For short-tailed shearwaters the minimum-cost flight paths from the simulations generally showed good agreement with the actual flight paths recorded from the tags. The simulated minimum-cost flight paths for South Australian short-tailed shearwaters foraging in regions south of the Polar Front zone involved a roughly southerly flight to near-Antarctic waters, followed by westerly flight using the polar easterly winds near the Antarctic coast as tailwinds (thick green line in Figure 5b), in good agreement with the observed flight paths of the tagged birds. These birds did not tend to forage to the east of their colonies south of the Polar Front, possibly because this would entail return flights against unfavourable winds. The minimum-cost return flight path from Antarctic waters was close to the most direct route (purple line in Figure 5b). Although none of the tags survived long enough to capture a return flight path, the at-sea densities (Figure 3) are consistent with reasonably direct return flights, as are previously published tracks from short-tailed shearwaters [53].

Physical oceanography of the foraging zones

Strong, vertically-coherent, topographically-driven upwelling is present in several sectors of the Polar Front zone in the region of interest, notably around 140°E and 165°E, and east of 170°E (Figures 6 and 7a). These zones of strong upwelling extend over several hundred kilometres and are driven by the interaction of the eastward-flowing Antarctic Circumpolar Current with large-scale bathymetric features: the South-East Indian Ridge (140°E), and the Pacific-Antarctic Ridge (east of 165°E). These regions of upwelling correspond to the regions of high surface chlorophyll concentrations (Figure 7b), and with shearwater foraging effort in the Polar Front zone (Figure 7d).

Figure 6. Vertical water velocity at 1095m in the Southern Ocean.

Twenty-year mean vertical velocity from the CSIRO Mk3.5 climate system model. The northern and southern branches of the Polar Front are shown.

Figure 7. Shearwater foraging in the Polar Frontal zone, in relation to oceanographic processes and copepod abundances.

A. Longitudinal distributions in the Polar Frontal zone of water vertical velocity at 1095m depth (solid line, positive = upward) and water depth (dotted). B. Mean summer surface chlorophyll-a from SeaWiFS satellite estimates. C. Near-surface copepod density from continuous plankton recorder surveys (points = individual tow segments, black lines = mean±SE fit by generalised additive model). D. Shearwater relative foraging effort within 3° of latitude of the Polar Frontal zone (white = sooty shearwaters, black = South Australian short-tailed shearwaters, grey = Tasmanian short-tailed shearwaters).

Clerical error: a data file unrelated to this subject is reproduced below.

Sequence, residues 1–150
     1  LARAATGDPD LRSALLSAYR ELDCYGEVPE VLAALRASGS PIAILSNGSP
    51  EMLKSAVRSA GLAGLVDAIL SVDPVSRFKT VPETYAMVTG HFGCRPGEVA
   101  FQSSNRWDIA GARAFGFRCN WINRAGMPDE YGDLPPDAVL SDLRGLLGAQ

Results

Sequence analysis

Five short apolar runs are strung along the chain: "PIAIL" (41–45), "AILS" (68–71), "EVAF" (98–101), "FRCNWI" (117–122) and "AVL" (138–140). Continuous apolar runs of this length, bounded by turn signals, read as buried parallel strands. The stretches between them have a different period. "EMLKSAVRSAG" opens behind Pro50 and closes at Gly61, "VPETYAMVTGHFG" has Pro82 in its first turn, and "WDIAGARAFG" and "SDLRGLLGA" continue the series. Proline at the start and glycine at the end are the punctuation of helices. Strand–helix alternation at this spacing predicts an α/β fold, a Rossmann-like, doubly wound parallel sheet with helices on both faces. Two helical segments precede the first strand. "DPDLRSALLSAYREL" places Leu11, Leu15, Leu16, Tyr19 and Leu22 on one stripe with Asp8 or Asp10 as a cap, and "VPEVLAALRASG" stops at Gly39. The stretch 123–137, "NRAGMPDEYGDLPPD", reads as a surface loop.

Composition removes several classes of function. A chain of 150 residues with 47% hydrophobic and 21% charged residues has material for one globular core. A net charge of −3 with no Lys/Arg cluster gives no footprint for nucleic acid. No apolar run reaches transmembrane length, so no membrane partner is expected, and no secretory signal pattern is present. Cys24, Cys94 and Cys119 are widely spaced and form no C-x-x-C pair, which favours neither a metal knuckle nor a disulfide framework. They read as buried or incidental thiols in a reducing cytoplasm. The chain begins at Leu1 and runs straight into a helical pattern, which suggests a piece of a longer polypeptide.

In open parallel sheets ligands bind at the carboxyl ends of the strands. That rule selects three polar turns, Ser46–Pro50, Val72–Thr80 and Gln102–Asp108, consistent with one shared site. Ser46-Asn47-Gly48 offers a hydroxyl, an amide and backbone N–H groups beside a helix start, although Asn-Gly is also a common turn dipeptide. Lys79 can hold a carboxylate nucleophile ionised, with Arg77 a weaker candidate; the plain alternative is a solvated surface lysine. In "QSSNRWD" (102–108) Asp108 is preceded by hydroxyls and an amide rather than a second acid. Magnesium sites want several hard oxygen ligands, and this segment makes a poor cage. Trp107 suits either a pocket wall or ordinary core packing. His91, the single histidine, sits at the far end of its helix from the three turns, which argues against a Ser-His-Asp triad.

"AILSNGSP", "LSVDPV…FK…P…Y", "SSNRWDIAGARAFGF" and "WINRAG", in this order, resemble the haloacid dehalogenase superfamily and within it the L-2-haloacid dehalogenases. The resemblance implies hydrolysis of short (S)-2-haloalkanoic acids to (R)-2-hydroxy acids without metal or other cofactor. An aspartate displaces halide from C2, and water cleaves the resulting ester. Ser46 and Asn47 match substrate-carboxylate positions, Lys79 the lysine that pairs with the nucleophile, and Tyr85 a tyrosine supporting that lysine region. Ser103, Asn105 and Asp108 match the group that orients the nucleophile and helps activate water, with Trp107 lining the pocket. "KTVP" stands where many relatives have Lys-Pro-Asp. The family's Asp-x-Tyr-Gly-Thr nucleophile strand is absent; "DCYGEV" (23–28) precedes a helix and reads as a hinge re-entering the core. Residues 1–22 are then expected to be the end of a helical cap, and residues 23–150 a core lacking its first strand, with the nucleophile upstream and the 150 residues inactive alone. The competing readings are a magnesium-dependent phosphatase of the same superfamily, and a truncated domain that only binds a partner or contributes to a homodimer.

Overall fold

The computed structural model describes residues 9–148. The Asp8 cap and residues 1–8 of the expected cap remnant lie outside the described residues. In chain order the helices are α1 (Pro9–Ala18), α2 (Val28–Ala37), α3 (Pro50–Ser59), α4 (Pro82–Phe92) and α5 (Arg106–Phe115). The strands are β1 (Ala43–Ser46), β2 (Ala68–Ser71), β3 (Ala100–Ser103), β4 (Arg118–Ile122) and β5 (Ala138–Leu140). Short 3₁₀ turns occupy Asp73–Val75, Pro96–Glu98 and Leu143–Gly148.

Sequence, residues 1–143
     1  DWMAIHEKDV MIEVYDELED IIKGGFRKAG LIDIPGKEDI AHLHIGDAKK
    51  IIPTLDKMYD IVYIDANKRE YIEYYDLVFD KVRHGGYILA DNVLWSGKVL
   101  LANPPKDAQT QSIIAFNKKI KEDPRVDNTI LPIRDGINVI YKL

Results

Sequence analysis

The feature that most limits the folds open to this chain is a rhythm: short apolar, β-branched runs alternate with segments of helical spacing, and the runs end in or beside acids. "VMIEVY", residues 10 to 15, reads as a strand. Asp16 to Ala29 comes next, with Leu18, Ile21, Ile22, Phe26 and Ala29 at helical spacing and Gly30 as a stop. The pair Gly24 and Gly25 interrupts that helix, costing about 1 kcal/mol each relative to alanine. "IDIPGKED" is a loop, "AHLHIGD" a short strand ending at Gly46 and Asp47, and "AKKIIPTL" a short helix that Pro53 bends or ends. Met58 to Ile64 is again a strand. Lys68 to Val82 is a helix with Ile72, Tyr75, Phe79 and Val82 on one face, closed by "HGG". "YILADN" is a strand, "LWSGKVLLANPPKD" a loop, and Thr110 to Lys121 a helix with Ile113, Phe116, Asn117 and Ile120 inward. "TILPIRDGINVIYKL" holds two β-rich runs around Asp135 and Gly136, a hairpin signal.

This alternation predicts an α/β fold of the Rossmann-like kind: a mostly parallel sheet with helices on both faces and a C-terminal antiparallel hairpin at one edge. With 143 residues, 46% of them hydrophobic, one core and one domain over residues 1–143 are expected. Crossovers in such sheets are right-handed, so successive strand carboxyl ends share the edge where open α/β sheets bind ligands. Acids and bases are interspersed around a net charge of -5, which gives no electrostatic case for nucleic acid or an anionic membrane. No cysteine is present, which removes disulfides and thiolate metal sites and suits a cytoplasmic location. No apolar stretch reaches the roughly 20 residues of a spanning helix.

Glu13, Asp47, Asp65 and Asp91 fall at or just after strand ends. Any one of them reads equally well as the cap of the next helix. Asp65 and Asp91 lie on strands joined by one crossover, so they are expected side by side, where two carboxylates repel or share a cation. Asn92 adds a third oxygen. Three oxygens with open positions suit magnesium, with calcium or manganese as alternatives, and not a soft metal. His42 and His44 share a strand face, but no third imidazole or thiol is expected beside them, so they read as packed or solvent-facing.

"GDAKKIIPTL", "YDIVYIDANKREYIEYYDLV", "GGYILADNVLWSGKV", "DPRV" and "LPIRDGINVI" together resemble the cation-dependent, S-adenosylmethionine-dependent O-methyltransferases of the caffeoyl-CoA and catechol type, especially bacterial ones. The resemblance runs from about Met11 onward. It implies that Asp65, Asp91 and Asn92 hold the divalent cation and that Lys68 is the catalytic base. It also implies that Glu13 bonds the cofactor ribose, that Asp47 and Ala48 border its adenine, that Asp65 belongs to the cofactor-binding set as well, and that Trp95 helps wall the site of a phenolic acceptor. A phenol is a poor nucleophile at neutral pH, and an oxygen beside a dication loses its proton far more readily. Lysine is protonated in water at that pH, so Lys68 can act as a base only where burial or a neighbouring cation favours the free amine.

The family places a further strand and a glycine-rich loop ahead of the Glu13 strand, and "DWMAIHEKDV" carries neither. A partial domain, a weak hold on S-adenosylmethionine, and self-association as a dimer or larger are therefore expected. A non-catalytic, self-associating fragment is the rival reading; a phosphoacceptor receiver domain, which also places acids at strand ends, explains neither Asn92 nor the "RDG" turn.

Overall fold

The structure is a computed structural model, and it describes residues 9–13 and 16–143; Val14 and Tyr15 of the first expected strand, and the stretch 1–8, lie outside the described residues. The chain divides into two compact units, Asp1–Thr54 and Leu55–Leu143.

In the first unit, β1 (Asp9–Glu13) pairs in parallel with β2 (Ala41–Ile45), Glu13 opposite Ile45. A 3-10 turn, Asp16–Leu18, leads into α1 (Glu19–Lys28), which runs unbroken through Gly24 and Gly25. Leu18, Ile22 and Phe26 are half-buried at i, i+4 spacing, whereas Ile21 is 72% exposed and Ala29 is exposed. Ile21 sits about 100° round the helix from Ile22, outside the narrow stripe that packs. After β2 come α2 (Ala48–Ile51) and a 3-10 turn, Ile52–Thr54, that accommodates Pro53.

Productivity is generally higher south of the Polar Front, due to a range of factors including higher upwelling rates, iron input from melting sea ice, and shallower mixed layers [54], [55]. The at-sea observations and the tracks of the South Australian short-tailed shearwaters extend into this zone, and the observed at-sea shearwater densities (Figure 3) tend to coincide with the changes in the upwelling rates and primary production (e.g. the higher densities of shearwaters observed west of approximately 85°E correspond to the region of strong upwelling and intensive chlorophyll bloom near the southern Kerguelen Plateau [54]).

Potential prey abundances

The trawl transect was made in the longitude band 140°E–146°E, and gives an indication of latitudinal variation in pelagic prey availability. North of 50°S, the trawls from the top 500m of the water column were dominated by pyrosomes (65% by number) and salps (11%), and the fish Photichthys argenteus (8%; Figure 8). From 50°S–54°S, myctophids overwhelmingly dominated (90%), but these numbers were strongly skewed by one particularly large haul of Electrona carlsbergi, which contributed 61% of the total myctophids caught in this latitude band. Temporarily excluding this haul of E. carlsbergi (Figure 8 is presented with this haul of E. carlsbergi excluded), the total myctophid component in the 54°S–50°S band was 54% (mainly Gymnoscopelus microlampas, 15%; G. piabilis, 8%; and unidentifiable Protomyctophum, 8%). Other fish (41%; mainly unidentifiable fish, 17%; and Persparsia kopua, 13%) and small numbers of cnidarians and salps (3%) made up the remainder. South of 54°S the hauls were again dominated by myctophids (67%; mainly G. braueri, 22%; Krefftichthys anderssoni, 15%; and E. antarctica, 9%), with smaller numbers of other fish (14%; mainly Bathylagus species, 6%; and unidentifiable fish, 4%), and the coronate scyphomedusae Atolla wyvillei (11%) and Periphylla periphylla (6%).